While it is hard to imagine Europe becoming as politically intransigent as the US, its ultra-right parties are well on their way to sounding as fear-mongering as American Republicans. Jimmie Åkesson, the current leader of SD, ran his last, and very successful, campaign on a platform of fear-inducing casuistry, proclaiming: "The election is a choice between mass immigration and welfare. You choose."

Nothing is that cut and dry in Sweden or Europe. These are parliaments with an array of eclectic political parties; negotiations, pacts, and compromise are an immutable part of the political machine. Furthermore there isn't any reliable evidence demonstrating the incompatibility of immigration and a healthy welfare state; as we will see, studies show just the opposite.

But by drawing such a stark line - rendering immigration and the welfare state seemingly irreconcilable - Mr. Åkesson, just like other right-wing politicians in Europe, has polarized the argument. He has pitted immigration directly against the welfare state - a sacrosanct entity in Sweden and Europe.

You almost begin to wonder if Europe's ultra-right are emulating the rhetorical stratagems of Bush and Rumsfeldt. Mr. Åkesson's ultimatum had a similar ring to the infamous, "Either you are with us, or you are with the terrorists." Fear corrodes rationality and reason, and such polarizing and fear-mongering rhetoric in the post-9/11 era allowed Bush and Co. to manipulate the American public with the precision of Butcher Ding. In this post-Paris epoch such tactics will be especially potent.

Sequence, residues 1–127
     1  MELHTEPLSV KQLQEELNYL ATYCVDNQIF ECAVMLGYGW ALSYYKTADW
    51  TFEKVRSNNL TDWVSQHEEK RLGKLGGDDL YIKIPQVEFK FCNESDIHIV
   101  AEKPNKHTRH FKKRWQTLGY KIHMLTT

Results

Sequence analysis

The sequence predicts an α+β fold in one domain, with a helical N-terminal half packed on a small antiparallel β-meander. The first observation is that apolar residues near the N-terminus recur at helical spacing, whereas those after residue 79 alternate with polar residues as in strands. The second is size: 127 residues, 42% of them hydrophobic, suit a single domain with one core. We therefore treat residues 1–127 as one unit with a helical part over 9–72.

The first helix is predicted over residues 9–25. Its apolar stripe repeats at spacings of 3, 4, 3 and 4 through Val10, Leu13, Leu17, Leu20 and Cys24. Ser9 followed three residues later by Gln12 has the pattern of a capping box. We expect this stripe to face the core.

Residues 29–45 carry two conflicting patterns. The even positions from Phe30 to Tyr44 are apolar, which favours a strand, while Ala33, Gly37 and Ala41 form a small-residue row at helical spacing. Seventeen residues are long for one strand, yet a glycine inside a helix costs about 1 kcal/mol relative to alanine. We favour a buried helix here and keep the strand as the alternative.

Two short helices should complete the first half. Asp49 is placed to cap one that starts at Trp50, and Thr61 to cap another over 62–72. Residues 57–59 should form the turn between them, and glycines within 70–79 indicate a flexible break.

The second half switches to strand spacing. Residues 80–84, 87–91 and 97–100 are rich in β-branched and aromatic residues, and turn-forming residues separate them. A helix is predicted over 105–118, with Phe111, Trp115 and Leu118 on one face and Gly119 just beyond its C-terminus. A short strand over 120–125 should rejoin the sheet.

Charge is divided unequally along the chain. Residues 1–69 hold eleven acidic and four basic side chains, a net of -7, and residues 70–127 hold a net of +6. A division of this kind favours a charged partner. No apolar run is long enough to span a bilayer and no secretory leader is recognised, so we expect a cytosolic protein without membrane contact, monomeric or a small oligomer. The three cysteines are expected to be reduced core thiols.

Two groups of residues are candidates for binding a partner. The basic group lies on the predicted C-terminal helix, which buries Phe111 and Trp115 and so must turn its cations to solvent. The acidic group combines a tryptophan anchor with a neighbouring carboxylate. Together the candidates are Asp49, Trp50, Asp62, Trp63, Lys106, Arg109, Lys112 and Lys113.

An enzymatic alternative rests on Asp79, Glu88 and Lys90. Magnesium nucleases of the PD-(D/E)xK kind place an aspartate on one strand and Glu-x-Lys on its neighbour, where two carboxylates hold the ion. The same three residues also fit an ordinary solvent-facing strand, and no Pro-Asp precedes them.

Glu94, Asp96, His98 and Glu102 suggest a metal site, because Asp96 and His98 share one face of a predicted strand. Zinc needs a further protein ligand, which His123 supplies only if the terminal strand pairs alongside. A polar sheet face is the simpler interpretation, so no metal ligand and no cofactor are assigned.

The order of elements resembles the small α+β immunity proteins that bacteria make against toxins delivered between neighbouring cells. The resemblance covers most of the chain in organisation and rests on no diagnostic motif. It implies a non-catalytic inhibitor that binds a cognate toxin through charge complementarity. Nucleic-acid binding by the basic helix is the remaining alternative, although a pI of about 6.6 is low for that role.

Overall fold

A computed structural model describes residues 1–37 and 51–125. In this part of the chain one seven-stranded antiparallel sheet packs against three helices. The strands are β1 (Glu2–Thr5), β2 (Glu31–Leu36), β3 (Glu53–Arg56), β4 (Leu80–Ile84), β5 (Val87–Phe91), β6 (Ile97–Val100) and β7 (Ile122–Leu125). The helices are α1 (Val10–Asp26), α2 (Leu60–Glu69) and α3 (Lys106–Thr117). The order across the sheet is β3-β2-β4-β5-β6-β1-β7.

Indulging the particular fears of Swedes, whose long history with the welfare state is an indelible part of the national ethos, is a particularly effective way of gaining support, especially from a demographic whose tenuous position in society renders them especially susceptible to such sophistry.

There are few general demographic features that are characteristic of not only SD supporters, but also ultra-right adherents across Europe. On the whole they are young, male, under-educated, and under-employed. In Sweden their main interests are cars, motorcycles, TV, video games, and sport fishing.

Though it would undoubtedly be much easier to just shake our fists and rebuke the throngs of right-wing voters as racists, Euro-trash, or bigoted nationalists, in the end we would only be playing the same superficial and spurious blame game as their demagogue leaders. Furthermore, this would only give us a very superficial understanding of a population that has been shaped by a much more complicated process.

Neoliberalism - the Real Enemy

Historically Sweden was one of the strongest and most equitable welfare states in the world. However, in the early '90s Sweden endured a financial crisis and things began to change. As a stopgap measure to parry the crisis, and the resultant hyperinflation, Sweden instituted a series of austerity measures and reforms that cut social benefits, curtailed union power, reduced the size of the public sector, and initiated a process of privatization that continues today.